Photo, Kitten Attack, by Raindog
For those of us in the online media managerie, Creative Commons has become part of our daily lives. The way we can protect our creations but still share and allow others to do wonderful, or sometimes freaky things with our work. Above all else, it is a way to get credit for what we create, which in the online media world is often our only currency, as money is not flowing all that freely.
There is one thing that irks me about Creative Commons. It irks me every time I go to Flickr or some other online gallery/sharing site. It is that many people, most actually, have no clue as to what Creative Commons is, or how to use it if they do.
It sucks when you find a perfect picture for a post or media project, only to find it is unsuable.
Yes, there are many people that use services such as Flicker that have valid reasons for not wanting people to share or alter their works, even with attribution. It may be that they are professionals and the work is copyrighted, or even that they just don’t want to share. Either way is fine, but I feel that the real reason so much stuff is unsharable is that people have no clue about Creative Commons.
Many of these folks would probably love to get there work shared, with due attribution. Things like that increase a person’s stock in the online world. Remember, credit is one of the few real currencies active on the web, in the social networking or social media circles at least.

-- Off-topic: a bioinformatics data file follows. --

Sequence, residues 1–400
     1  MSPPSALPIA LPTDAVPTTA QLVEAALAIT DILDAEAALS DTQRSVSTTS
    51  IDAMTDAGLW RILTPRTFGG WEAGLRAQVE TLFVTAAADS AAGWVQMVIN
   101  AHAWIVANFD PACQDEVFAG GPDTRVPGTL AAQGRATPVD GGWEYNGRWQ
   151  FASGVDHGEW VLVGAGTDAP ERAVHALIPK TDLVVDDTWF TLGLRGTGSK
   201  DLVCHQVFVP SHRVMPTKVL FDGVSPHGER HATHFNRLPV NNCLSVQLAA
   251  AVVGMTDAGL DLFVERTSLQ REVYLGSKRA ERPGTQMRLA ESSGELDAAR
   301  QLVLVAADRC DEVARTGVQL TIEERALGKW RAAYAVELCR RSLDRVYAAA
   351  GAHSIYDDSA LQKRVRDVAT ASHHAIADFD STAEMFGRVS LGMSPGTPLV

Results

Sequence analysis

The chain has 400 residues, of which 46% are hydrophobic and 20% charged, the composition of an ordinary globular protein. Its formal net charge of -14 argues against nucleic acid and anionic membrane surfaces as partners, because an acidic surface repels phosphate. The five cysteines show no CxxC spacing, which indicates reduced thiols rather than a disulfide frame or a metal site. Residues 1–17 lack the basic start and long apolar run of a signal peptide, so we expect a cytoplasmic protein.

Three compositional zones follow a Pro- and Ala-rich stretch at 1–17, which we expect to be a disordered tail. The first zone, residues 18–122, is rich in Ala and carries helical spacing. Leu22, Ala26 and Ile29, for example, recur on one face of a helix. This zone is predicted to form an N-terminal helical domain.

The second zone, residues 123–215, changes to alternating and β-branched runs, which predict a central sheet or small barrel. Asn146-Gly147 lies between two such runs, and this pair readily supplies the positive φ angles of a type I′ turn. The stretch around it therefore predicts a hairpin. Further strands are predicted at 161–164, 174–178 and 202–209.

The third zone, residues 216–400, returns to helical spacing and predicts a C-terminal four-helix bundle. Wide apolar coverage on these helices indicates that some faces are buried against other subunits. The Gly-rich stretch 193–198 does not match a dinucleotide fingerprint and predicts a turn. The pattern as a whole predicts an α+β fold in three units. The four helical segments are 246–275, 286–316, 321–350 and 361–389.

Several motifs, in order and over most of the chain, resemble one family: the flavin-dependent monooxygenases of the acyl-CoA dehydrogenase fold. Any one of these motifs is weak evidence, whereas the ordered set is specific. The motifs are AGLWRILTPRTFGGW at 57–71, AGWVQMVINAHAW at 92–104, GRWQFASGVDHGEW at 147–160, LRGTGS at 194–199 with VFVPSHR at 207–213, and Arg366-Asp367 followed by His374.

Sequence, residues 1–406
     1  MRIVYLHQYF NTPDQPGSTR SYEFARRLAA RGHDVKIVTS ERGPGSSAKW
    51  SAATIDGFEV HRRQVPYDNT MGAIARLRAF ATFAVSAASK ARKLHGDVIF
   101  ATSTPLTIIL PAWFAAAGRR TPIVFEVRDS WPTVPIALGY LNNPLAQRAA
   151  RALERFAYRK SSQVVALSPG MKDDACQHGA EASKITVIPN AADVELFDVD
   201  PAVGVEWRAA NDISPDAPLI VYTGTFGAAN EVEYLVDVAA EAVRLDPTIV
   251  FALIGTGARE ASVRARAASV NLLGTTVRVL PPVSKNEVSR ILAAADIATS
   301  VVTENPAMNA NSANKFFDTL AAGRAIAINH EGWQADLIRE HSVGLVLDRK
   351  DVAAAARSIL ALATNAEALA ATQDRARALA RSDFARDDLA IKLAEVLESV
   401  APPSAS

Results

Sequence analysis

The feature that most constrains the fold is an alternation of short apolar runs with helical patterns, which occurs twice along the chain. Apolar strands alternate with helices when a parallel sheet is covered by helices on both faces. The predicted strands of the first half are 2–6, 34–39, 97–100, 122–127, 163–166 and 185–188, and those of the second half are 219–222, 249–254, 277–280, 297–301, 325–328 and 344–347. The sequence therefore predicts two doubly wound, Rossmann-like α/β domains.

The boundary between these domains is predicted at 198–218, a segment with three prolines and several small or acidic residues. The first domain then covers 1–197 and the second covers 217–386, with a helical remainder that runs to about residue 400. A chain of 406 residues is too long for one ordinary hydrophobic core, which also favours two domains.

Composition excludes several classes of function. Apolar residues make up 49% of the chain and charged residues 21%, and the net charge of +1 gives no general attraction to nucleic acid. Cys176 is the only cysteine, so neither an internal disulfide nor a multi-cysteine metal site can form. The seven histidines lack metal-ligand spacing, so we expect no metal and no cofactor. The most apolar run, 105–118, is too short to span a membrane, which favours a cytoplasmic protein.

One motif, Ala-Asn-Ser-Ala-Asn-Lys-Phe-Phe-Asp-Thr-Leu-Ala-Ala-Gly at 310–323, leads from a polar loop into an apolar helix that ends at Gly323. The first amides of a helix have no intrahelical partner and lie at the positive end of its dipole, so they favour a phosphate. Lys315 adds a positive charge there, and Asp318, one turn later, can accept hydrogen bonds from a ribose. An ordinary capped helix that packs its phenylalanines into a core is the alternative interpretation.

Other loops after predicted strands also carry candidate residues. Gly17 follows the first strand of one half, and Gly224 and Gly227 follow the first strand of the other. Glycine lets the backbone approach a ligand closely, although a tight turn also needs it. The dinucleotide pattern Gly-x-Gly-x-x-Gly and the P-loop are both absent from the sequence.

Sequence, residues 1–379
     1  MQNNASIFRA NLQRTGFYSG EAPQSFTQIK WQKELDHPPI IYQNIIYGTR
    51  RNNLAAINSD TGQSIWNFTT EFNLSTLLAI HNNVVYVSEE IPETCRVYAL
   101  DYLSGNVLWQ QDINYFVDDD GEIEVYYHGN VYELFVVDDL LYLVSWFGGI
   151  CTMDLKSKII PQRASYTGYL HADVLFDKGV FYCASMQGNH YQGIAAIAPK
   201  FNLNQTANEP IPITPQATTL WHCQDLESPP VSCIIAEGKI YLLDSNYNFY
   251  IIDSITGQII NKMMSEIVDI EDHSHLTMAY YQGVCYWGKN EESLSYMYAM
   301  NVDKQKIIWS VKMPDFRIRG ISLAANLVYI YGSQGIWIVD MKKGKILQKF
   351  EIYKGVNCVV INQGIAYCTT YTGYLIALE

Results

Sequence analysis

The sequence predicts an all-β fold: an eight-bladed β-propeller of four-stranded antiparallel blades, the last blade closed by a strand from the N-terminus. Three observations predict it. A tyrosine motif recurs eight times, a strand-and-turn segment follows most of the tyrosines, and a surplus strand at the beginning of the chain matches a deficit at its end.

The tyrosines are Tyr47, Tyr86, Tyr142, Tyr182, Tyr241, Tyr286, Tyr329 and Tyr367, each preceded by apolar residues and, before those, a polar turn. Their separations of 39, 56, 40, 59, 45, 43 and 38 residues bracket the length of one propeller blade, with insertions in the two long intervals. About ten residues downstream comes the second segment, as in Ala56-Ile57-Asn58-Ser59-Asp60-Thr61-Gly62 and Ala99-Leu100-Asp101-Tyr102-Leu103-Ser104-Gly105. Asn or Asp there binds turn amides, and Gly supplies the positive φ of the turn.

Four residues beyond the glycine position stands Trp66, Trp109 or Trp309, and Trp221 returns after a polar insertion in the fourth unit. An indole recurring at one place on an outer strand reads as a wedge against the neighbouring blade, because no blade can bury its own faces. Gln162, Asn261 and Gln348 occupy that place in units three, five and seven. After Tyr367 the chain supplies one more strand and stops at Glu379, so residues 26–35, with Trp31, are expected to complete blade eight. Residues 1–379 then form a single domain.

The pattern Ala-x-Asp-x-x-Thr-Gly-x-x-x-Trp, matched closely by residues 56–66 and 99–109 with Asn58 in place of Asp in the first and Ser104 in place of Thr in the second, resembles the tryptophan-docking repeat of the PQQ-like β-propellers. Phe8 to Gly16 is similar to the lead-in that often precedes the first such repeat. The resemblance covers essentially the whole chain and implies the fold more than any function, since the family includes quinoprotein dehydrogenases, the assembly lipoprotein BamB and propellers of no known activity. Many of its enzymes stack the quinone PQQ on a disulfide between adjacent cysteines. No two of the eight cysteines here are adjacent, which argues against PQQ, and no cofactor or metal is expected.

Yes, this another post about the “echo chamber,” or “fish bowl.” We get so caught up in our little world where terms such as social media, Creative Commons, Twitter, socnets, and on and on are just regular parts of our vocabulary, or understanding, or in some cases job description. We, whether it be socnet or app users, media creators, app designers, or service providers often forget that outside the echo chamber resides aÂ much larger group that have no idea what we are going on about when we talk of such things.
There lies the basis of what irks me. It is not a major irk, but a lingering, nagging irk. I wish services like Twitter would give a better education to it’s users on the power and usefullness of Creative Commons, and let the users know how to list items under Creative Commons. Not just that actually, let them know how using Creative Commons actually benefits and protects them at the same time.
The fact is, putting things under Creative Commons is not all that intuitive on most sites. Well, not to most people, that is. To those of us that already understand Creative Commons and use these services, it is intuitive. We, however, forget that most people, the majority, don’t have this knowledge. It is not that they are idiots, far from it, they just don’t have that specific knowledge yet.
If we were to give them this specific knowledge instead of just talking to those that already possess this knowledge, I might have been able to use that perfect – or is it puuurfect – kitten picture I found this morning.
And yes, you just read all that because I am raw about a cat photo.
Get over it.